Mark Harrop: We’ve talked a lot about what’s happening right now with the Coronavirus and the effects that it’s having on the supplies of materials and footwear products. It’s certainly clear that the situation is dire, and that raw materials suppliers and manufacturers are hurting. What do you think is likely to happen after we come out of this lockdown, and how might we use 3D solutions to improve the situation?
Jean-Marc Pedeboy: We completely agree with you that suppliers of raw materials, and manufacturers of footwear, have been very hard-hit recently by retailers and brands cancelling contracts, refusing to pay for orders that have been shipped, or asking for large discounts or very late payment terms. It’s going to change the way that our industry operates in that it will force all parties to carefully renegotiate their ways of working together – especially their legal contracts. The best possible outcome would be for all those involved in the design, development and sourcing chain to change the model to an on demand driven-chain that would help to reduce the risk of holding large volumes of materials and products. Operating on a DDM model (Demand-Driven-Model) would help to guarantee shared benefits and rewards.
Mark Harrop: Tell us what it is that you are developing right now that could support that move to an on-demand business model?
Jean-Marc Pedeboy: I already mentioned that we started 25 years ago by developing 3D solutions, following this with product data management, and more recently connecting everything into a single product lifecycle platform. Just like garment manufacturers have been under tremendous pressure to produce fast fashion products, footwear is no different – for the last decade we’ve been developing solutions to support fast fashion footwear. The present situation will indeed drive our industry to develop even greater connectivity, both downstream to the consumer with 3D virtual twins and upstream to manufacturing. Our footwear industry is following in the footsteps of automotive and aerospace in its quest for a digital end-to-end platform, and this is a world that we are ready to support.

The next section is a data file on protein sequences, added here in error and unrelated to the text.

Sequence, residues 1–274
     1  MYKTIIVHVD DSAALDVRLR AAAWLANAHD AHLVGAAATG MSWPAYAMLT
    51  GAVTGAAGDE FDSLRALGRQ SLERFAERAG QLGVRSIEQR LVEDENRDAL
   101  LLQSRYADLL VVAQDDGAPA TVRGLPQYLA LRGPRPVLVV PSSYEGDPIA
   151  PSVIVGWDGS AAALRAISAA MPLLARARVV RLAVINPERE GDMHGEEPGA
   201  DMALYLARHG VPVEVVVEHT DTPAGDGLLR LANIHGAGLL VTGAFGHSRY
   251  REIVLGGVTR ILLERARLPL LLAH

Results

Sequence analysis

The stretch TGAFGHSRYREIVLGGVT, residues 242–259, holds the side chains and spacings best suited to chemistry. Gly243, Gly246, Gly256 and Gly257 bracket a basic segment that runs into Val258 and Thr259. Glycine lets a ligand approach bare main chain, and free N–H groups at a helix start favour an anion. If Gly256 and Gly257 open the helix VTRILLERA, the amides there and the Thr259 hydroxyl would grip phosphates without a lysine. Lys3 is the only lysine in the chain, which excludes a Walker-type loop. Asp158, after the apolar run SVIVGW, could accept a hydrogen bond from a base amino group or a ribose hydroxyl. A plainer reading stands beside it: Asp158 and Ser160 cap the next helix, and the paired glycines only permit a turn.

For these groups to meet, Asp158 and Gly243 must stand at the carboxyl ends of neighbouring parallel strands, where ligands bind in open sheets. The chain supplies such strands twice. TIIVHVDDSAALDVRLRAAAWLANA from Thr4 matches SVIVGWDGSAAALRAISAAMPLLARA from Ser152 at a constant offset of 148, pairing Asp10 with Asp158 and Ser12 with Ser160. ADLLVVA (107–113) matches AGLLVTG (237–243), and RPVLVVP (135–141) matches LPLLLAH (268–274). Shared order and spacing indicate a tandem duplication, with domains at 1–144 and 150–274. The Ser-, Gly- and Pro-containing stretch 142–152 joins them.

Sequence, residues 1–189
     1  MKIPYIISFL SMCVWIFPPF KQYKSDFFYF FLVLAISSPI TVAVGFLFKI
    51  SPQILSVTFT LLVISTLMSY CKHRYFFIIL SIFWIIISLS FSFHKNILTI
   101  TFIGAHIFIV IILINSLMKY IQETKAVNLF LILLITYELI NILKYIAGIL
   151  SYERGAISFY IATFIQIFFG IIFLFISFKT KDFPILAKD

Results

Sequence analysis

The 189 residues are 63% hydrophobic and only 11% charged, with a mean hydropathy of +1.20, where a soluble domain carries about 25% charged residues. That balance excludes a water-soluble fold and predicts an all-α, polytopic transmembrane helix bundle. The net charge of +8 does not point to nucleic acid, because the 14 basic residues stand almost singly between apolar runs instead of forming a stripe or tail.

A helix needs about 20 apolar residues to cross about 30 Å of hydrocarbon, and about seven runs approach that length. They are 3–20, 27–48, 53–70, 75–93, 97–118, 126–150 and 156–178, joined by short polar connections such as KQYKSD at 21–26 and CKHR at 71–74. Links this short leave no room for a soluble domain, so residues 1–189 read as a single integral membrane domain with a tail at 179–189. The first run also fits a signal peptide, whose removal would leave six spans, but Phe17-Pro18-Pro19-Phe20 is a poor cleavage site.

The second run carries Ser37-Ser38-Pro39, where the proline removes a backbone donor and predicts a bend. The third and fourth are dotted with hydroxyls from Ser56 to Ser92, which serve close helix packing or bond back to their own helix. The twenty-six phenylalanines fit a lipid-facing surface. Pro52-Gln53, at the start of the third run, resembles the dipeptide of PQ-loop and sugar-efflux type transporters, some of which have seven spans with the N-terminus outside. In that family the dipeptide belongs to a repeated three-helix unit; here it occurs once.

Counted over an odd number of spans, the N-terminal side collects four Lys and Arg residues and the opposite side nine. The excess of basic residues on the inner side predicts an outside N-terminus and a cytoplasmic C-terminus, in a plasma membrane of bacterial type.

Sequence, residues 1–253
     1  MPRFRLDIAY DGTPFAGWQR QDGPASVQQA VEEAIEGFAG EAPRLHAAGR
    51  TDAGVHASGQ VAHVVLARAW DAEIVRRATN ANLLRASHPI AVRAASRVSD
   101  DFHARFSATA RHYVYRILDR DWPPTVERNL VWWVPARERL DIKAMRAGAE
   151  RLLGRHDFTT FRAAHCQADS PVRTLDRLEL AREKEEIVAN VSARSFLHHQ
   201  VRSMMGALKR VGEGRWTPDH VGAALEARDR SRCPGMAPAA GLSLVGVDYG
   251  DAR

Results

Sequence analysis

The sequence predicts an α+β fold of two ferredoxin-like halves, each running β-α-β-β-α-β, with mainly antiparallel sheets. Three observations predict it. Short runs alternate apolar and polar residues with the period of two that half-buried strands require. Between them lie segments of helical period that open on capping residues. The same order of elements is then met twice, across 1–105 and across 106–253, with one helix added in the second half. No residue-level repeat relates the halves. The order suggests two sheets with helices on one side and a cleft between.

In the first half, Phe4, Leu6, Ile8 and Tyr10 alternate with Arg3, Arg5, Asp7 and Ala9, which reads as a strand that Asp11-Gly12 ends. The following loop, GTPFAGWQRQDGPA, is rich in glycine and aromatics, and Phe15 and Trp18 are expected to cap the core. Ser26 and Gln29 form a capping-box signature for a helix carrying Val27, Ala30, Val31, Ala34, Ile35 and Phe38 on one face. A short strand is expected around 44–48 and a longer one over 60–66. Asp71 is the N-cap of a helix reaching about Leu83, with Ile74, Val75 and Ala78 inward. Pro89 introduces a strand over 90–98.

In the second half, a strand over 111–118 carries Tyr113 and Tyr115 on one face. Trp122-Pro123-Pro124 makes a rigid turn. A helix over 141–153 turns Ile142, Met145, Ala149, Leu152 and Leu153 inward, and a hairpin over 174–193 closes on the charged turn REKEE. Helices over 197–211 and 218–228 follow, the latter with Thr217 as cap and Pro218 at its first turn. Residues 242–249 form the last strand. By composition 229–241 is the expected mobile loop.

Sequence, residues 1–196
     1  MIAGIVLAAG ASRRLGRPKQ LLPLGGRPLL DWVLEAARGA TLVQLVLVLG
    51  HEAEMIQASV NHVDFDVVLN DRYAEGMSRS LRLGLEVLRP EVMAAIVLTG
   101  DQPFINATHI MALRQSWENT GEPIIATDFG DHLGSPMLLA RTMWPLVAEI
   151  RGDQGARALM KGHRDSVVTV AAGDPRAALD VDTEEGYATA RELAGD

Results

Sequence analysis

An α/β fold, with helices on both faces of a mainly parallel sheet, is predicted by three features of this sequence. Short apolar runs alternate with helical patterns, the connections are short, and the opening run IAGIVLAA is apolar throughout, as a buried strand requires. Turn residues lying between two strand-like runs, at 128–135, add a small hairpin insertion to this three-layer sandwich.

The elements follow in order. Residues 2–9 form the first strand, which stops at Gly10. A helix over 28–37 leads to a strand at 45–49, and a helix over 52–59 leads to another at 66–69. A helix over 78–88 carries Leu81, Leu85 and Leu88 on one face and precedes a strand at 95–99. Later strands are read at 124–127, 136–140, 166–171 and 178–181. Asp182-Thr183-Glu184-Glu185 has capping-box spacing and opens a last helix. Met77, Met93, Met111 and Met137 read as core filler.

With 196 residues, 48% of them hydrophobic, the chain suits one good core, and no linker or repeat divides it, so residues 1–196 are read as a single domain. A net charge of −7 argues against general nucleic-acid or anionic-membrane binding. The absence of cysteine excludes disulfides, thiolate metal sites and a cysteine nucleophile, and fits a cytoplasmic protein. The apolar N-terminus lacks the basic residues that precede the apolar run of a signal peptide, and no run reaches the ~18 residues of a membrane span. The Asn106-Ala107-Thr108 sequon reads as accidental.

Mark Harrop: Beyond that shift to on-demand, what are the digital trends you see emerging in the footwear sector today?
Jean-Marc Pedeboy: With the Romans CAD platform, operating together with partner technologies, we are helping businesses around the world to design a completely new paradigm from virtual designs that can be sold and are yet to be made. These virtual designs travel digitally all the way to the manufacturers, to be turned from into real products.